Someone matters more than everyone

Over the years, I’ve noticed one healthy pattern among people who’re trying to do something new — they want to please everyone. That’s one of the reasons why they would share the links to their new blog, YouTube channel, or Facebook page with their friends for “feedback.”

And I believe that very act is also one of the reasons why most projects don’t get off the ground. Why? There isn’t enough validation, encouragement, traction, likes, or comments. The question is this — does it matter?

Ask any seasoned creative who’s building something great — art, literature, music, instrument, or heck, the Cybertruck — they know who their audience is. And it is not everyone. Why? Because they realise that pleasing everyone is a futile attempt to attain mediocrity.

Their argument is simply this, “why bother with people who won’t ever appreciate the stuff I do or buy what I’m selling anyway?”

I’ll pause here and let you reflect on that.

They would also go on to say that spending energy on convincing these ‘non-believers’ will take the time away from focusing on the select few who care about what they make. And ignoring the ‘believers’ doesn’t make any sense.

So, if everyone around you thinks selling artisan carrot cakes isn’t a scalable business model or that your cakes aren’t that great, they may be right. But could they be wrong in thinking that you’re making the cakes for them? I guess so. You just might be baking the cakes for the six people in your neighbourhood who place multiple orders every single week!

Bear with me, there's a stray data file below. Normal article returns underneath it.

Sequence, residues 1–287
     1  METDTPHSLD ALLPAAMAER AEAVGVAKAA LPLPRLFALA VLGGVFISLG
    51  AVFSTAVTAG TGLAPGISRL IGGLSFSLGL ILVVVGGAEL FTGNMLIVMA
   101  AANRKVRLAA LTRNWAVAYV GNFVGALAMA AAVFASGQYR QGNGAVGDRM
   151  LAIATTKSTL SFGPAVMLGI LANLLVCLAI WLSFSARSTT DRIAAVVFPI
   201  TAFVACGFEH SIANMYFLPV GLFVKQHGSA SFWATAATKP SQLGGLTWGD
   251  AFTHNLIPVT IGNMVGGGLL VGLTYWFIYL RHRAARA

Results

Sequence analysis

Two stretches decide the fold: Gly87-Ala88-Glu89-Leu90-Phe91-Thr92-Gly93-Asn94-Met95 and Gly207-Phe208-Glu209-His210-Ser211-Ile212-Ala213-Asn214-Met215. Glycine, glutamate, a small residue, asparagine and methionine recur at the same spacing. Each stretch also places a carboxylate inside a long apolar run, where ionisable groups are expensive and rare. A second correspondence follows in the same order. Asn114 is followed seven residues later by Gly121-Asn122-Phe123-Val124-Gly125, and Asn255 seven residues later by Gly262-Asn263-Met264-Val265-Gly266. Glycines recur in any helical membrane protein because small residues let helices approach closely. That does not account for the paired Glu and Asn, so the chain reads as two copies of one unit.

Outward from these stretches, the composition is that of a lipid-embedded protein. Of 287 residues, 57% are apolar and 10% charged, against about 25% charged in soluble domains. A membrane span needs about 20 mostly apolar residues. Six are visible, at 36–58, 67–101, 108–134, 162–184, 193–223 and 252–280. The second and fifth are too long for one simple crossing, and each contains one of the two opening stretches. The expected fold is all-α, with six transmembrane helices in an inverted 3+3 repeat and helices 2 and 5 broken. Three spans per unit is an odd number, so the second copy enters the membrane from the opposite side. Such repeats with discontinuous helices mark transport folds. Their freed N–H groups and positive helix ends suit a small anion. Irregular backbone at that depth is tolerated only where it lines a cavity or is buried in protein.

Maybe they genuinely dig what you do, or they’re just crazy (about you or the cakes! Your job is to find the others who’re just like them. That’s how you scale.

Ignoring your fans to make everyone else happy is the shortest path to create a mediocre carrot cake that you may be able to sell more, but deep down, you know that it sucks. Especially compared to the artisanal version you used to make.

More isn’t the answer. Better is.

Your biggest goal as a creative and a practitioner is to focus on that smallest audience and make them happy. Yes, they may have high-standards or way more demanding than everyone else, but they will challenge you to be better and grow as a professional.

So, the choice boils down to being mediocre or a thorough professional. If it’s the latter, know that ignoring your ‘believers’ won’t do you any good; instead, you’ve got to be bold enough to ‘shun the non-believers’ as Seth Godin would say.

It’s a bolder and way more risker option than pleasing everyone. But that’s the price you pay to become a professional.

HT: Seth Godin. If you haven’t read his latest book, The Practice, you’re missing out on something great. It’s that damn good!

%d bloggers like this: